China is making a major power play to expand its global energy influence. The United States has long played an outsized role in global geopolitics and energy markets thanks to the shale revolution which jettisoned the country to the top of the fossil fuel food chain. But if you’ve been keeping up with any headlines out of the Permian Basin over the last few years, you know that the shale revolution is dead. As oil prices remain disastrously low, the U.S. is losing its foothold in global oil and energy markets, and when the dust clears and the geopolitical maps are redrawn, China could very likely come out on top. Under President Xi Jinping, Beijing has made considerable inroads into power markets around the world.
This is in no small part thanks to the country’s assertive Belt and Road Initiative, which was announced back in 2013. President Xi’s global infrastructure development program entails hefty Chinese-led investment in as many as 70 countries and international organizations around the world.
China’s move into global energy markets is diverse and widespread, from nuclear to coal to renewable energies. Beijing’s geopolitical efforts have been particularly pronounced in Africa, a largely untapped market for energy infrastructure development and demand growth that Beijing is quite keen to dominate. In fact, China has been battling it out with Russia in recent months to establish dominance in the continent’s nascent nuclear sector.
While China is working to develop itself as a nuclear power in Africa, a renewable energy power for its own energy security (not to mention the added benefit of some nice climate-friendly PR), and a coal power overseas (thereby endangering global climate goals while keepings its own emissions numbers relatively low), Beijing is also aggressively trying to move into oil and gas markets. This initiative, too, is focused on Africa.
This week, Modern Diplomacy reported that “China’s national oil companies are investing heavily in the exploration and production of oil and gas supplies in Africa,” remarking that the continent is the “second largest region in supplying oil and gas to China, after the Middle East, with over 25% of its total imported oil and gas.” China’s appetite for oil is nearly insatiable, and the nation has quickly risen through the ranks to become the largest importer of black gold in the world for two years in a row.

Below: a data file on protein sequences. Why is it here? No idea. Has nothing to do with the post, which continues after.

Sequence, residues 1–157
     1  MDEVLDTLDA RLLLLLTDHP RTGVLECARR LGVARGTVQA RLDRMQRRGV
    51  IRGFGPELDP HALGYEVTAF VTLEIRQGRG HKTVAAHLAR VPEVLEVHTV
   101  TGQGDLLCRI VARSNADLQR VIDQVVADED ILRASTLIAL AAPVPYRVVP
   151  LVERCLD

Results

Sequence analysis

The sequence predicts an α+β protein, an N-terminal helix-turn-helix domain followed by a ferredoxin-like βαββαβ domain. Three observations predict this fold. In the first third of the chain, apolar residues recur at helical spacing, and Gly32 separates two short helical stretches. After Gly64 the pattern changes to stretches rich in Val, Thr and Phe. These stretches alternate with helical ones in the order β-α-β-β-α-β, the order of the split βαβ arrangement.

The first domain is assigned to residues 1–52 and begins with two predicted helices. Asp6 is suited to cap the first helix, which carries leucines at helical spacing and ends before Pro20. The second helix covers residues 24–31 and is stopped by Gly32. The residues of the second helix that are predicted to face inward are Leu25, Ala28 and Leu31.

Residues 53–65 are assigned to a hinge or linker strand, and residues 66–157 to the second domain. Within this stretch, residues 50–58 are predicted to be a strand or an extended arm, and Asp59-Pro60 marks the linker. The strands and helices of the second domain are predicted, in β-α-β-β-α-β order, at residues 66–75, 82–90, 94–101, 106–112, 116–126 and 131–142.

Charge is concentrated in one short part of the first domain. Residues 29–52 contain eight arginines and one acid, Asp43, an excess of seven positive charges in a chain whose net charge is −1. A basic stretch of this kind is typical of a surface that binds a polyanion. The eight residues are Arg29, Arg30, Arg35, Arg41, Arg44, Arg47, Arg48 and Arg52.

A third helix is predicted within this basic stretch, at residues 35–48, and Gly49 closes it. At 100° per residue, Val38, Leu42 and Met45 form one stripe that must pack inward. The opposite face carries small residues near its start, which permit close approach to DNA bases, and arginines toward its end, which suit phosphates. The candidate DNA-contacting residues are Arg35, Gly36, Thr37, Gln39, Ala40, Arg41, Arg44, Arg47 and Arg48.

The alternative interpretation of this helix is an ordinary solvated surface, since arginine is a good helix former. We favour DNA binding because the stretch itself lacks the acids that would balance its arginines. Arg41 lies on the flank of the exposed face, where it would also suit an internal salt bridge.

According to the Modern Diplomacy report, China has a whopping USD$15 billion worth of investments planned in Africa’s oil sector. This massive price tag is split between three major players out of China: China National Petroleum Corporation (CNPC), China Petroleum & Chemical Corporation (SINOPEC) and China National Offshore Oil (CNOOC).
Africa, which suffers from a staggering US$50 billion per annum investment gap in its energy sector, is in many ways a wide open playing field for energy- and power-hungry Beijing. Ostensibly, it is for this reason that Beijing is pouring considerably more cash into the African continent’s energy sector than into its other energy investment projects in the Americas.
GlobalData’s Coa Chai was quoted by the report as characterizing China’s current African investments as follows: “About two thirds of spending is in Nigeria, Angola, Uganda and Mozambique. SINOPEC and CNOOC are well-established in Nigeria and Angola, while CNPC has a stake in the Rovuma LNG project in Mozambique”. Overall, China has significantly ramped up its presence in nearly 20 African countries.
As China exponentially increases its presence in global energy markets, some pundits believe that the United States (never one to go quietly) could be headed into an “energy export battle with China.” The United States will likely fight hard to retain its dangerously dwindling market sector for shale exports while China invests massive amounts of cash into its own energy infrastructure domestically and abroad. While China’s appetite for energy is guaranteed to keep growing, it’s clear that President Xi will do all he can to make sure that China weans itself off of dependency on imports from countries like the United States.
By Haley Zaremba